Recollections and reflections

Reminiscences, Rafi Ahmad Kidwai

I first came in contact with Subhas Bose in 1923 at Delhi when the Congress was divided into two groups over the question of what was known as 'Council Entry.'...Subhas Babu, as the favourite lieutenant of Deshabandhu, was playing a prominent part in the controversy. more>>

Speech Delivered at Bangkok to Celebrate Provisional Government Day

Sisters and Brothers,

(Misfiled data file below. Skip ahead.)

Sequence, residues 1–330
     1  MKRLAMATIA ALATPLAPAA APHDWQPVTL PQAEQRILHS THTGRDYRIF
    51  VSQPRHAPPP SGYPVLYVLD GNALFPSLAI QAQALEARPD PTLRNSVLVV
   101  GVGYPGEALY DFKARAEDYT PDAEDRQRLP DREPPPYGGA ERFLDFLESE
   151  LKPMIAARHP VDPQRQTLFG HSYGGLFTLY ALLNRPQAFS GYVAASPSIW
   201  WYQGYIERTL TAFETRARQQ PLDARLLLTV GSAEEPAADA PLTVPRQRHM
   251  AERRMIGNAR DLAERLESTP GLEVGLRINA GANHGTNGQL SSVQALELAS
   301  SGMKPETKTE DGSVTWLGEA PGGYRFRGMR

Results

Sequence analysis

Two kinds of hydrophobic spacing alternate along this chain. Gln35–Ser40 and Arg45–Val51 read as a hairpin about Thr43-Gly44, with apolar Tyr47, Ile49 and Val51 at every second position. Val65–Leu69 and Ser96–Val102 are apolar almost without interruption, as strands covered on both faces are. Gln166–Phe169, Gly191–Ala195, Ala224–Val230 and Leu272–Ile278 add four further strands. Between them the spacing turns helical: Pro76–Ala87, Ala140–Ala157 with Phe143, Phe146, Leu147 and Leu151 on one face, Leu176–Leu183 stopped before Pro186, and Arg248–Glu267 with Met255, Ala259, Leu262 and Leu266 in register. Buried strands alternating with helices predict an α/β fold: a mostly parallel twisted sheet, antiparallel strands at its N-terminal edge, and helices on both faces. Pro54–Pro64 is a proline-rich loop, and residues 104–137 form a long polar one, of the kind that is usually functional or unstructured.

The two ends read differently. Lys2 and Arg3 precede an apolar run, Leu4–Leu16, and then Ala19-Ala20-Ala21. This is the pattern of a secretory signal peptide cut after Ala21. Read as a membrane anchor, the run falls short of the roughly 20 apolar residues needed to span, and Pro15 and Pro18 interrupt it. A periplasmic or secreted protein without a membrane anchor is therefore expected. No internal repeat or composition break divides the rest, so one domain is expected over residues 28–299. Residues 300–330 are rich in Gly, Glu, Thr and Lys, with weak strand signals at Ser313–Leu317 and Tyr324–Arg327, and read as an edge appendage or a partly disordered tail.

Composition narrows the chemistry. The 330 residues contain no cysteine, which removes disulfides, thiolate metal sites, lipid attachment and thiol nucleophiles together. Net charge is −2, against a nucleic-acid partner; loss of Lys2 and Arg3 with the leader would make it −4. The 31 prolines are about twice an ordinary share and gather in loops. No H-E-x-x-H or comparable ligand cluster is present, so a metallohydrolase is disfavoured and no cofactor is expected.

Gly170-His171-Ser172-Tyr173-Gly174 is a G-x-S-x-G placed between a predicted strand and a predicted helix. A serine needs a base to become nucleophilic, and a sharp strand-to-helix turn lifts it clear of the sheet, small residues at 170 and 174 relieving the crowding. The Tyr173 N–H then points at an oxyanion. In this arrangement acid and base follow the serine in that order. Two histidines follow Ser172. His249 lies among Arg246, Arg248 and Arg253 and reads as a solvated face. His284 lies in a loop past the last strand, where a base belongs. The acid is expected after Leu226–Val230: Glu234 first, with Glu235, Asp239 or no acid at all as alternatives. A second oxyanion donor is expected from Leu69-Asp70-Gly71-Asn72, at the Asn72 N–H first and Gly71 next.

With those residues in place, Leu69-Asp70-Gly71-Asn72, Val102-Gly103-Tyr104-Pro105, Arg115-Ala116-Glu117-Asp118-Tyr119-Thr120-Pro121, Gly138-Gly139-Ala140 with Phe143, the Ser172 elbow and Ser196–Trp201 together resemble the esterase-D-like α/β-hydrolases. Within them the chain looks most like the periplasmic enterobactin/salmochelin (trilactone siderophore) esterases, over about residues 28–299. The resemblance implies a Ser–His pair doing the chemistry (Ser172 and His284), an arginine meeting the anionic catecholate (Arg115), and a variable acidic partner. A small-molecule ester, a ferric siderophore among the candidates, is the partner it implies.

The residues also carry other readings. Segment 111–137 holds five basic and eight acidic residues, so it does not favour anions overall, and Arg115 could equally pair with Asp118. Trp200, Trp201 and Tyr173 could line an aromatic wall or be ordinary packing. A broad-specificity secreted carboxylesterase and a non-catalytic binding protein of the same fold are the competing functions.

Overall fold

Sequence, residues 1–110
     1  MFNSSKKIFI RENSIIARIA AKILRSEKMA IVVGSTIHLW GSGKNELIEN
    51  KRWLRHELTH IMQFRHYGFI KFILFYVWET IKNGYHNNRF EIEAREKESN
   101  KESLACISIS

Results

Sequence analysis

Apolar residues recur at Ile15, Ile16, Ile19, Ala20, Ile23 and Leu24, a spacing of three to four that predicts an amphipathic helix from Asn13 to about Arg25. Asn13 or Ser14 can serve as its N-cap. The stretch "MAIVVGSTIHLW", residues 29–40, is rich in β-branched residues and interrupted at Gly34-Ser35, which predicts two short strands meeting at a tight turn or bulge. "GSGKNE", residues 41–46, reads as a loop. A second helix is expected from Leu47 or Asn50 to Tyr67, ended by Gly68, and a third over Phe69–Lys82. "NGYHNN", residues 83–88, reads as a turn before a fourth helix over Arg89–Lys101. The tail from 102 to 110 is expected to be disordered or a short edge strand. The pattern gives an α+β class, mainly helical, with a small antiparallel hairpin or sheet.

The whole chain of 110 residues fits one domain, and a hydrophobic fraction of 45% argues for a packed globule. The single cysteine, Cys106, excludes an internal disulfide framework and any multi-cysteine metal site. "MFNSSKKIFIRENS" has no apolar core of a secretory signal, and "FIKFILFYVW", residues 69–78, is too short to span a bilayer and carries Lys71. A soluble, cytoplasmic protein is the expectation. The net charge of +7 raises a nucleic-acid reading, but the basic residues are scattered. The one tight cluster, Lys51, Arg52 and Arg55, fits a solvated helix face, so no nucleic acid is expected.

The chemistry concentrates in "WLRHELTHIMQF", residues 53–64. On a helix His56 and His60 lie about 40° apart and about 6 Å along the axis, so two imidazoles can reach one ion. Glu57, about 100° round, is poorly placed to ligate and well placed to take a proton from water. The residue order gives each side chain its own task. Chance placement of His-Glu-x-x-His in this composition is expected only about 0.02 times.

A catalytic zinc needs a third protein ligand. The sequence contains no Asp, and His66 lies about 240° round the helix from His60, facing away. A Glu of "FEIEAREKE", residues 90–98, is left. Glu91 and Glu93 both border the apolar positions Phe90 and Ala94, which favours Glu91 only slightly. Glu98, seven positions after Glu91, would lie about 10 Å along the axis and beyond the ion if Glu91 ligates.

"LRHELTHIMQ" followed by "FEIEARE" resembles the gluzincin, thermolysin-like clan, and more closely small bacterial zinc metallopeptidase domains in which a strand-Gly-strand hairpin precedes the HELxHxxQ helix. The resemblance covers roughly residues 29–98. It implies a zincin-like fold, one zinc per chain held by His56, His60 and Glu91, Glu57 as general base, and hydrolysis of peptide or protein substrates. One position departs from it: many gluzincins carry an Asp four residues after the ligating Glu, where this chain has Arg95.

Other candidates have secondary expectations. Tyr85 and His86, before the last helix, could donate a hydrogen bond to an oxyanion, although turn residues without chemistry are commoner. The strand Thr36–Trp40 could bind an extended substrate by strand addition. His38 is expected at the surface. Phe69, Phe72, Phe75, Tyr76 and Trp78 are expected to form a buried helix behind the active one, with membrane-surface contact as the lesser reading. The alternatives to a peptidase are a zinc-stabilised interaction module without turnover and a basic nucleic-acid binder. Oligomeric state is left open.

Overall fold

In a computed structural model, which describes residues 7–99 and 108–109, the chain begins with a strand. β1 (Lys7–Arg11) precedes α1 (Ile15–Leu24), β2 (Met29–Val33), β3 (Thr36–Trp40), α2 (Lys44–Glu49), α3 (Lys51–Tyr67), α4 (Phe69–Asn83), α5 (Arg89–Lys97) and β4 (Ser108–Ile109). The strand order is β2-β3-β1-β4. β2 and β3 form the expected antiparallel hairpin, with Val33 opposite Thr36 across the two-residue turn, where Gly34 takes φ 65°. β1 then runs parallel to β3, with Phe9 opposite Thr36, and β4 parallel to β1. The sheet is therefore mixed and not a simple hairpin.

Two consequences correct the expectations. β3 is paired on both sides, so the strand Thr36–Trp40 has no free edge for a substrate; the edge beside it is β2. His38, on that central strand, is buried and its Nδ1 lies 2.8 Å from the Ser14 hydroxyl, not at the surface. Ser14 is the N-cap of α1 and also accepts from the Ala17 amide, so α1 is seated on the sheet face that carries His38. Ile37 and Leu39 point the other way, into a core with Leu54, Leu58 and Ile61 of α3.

After I spoke to you in January last, the war situation has undergone considerable change. In Europe, German resistance has collapsed completely. Here, in Burma, we have lost the first round in our fight for freedom. Nevertheless, there is no reason why we should lose heart. If our enemies did not lose heart when they were expelled from Europe and East Asia—if your enemies, despite such staggering defeat, would continue the war and even launch a counter-offensive, we should exhibit at least as much strength and tenacity as our enemies have. You know that I have always said that we shall deserve to be free, only if we are more courageous, more tenacious, and more far-sighted than our enemies. If our enemies, after being expelled from Burma, could stage a comeback, there is no reason why we should not return to Burma again. The main point is whether our morale has broken down and whether we consider ourselves to be beaten. The Supreme Commander of the Allied forces in the last European War, Marshal Foch, once made a historic remark—"That army only is beaten which considers itself beaten." Among those who have come with me from Burma, there is not one man or woman who considers himself or herself to be beaten. No doubt we have lost one round in India's war of liberation, but many more rounds are to be followed, and the last round will decide the final result of this war. War is in many ways like a match between two wrestlers. When the wrestlers are more or less equal in strength, victory will go to him who can hold out longer. If we have more spiritual strength than our enemies, then only shall we deserve to win freedom. Unfortunately, there are among us a few men who get easily upset and even panicky over slight setbacks. This is the psychological effect of slavery. The Indian people will have to overcome this weakness and to carry on the fight under all circumstances if they are to win in the long run.